Tamihere's goliath multi-level bridge scheme
Auckland mayoral candidate John Tamihere is proposing to turn the existing Harbour Bridge into a two-level superstructure - with 10 lanes for cars on the lower level and four rail tracks and walkways and cycleways on the upper level.
Goff savaged the plan at the time - saying it would cost more than $10 billion to build and would "bankrupt the city".
"A new 10-vehicle-lane harbour crossing, which will carry cars, rail, pedestrians and cyclists can be completed within six years on the existing bridge piers, replacing the existing bridge," Tamihere said.
"There will be minimal disruption to traffic. My team have looked at overseas structures and costs and it is very doable."
The now Māori Party chief of staff, claimed full or partial superstructure replacements have been carried out on a number of bridges in the United States, including the Milton-Madison bridge, costing US$104 million ($161m), over the Ohio River. It was built in 1929.
Last major harbour bridge restrengthening:
After engineers warned in 2007 of a potential for "catastrophic failure" in a worst-case scenario, 920 tonnes of extra steel was bolted and welded on to the clip-ons to extend the life of Auckland Harbour Bridge.
At the time, restrictions were placed on heavy vehicles using the clip-ons to reduce vibration and help keep the bridge stable during welding of steel inside the box girders.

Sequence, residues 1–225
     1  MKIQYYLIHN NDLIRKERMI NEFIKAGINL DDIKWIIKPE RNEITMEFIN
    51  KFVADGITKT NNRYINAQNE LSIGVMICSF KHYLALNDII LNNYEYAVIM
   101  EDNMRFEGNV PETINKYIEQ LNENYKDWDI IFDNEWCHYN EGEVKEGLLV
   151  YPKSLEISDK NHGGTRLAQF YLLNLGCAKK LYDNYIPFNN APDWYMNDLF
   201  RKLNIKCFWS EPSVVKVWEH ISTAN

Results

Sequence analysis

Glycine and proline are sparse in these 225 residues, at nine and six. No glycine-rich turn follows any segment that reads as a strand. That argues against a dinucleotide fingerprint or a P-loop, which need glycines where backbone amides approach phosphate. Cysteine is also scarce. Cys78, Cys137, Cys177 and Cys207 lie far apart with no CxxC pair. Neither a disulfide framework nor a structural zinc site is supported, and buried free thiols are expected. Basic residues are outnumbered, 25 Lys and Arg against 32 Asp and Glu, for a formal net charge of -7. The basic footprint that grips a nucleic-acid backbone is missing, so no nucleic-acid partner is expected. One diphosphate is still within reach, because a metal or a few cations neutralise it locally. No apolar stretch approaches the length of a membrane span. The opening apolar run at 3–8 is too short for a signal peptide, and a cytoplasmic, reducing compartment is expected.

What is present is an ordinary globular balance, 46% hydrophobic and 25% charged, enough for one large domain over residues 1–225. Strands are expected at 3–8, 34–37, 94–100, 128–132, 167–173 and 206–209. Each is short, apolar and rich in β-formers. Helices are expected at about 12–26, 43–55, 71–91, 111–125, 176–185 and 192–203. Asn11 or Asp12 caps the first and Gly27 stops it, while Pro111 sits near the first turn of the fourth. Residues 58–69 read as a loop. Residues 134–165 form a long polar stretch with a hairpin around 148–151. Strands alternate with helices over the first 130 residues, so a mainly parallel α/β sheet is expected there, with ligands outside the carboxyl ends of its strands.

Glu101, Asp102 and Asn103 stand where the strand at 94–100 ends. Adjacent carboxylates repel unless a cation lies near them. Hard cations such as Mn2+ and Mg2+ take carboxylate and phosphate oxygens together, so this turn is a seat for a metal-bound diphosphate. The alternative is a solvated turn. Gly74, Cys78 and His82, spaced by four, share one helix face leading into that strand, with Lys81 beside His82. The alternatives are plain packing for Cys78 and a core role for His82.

Today, the clip-on lanes are open to 50-tonne maximum permitted heavy vehicles and heavier vehicles can only use the truss bridge.
Second harbour crossing?
Ever since the Auckland Harbour Bridge opened in 1959, a second crossing has been mooted.
And in September last year that prospect was again pushed out to some hazy future date.
Goff said then that based on advice from Waka Kotahi and Auckland Transport that a new crossing will be needed after 2030.
Over the past 60 years, second harbour crossing schemes have included a new bridge, tunnels under the Waitematā Harbour, a rail crossing and a radical idea of demolishing the existing bridge for a new arching structure supporting a splay of cables in the shape of a sail.
The latest NZTA business case for a second crossing came in November last year, and determined a new $5 billion cross-harbour rail tunnel should be built within the next 20 years before any additional roading network.
The report projected that within 15 to 20 years a harbour rail tunnel from the city centre to Takapuna and Smales Farm would be required. A further $3 billion would be needed to extend the track from Smales Farm to Albany.
Transport experts did not believe a new road connection to ease congestion on the ageing Harbour Bridge would be needed until mid to late 2040 - 10 years after the rail tunnel.
The roading options would then be either expanding the capacity of the existing bridge or $10 billion for a road tunnel from the city centre to Esmonde Rd and additional motorway lanes to Constellation Drive.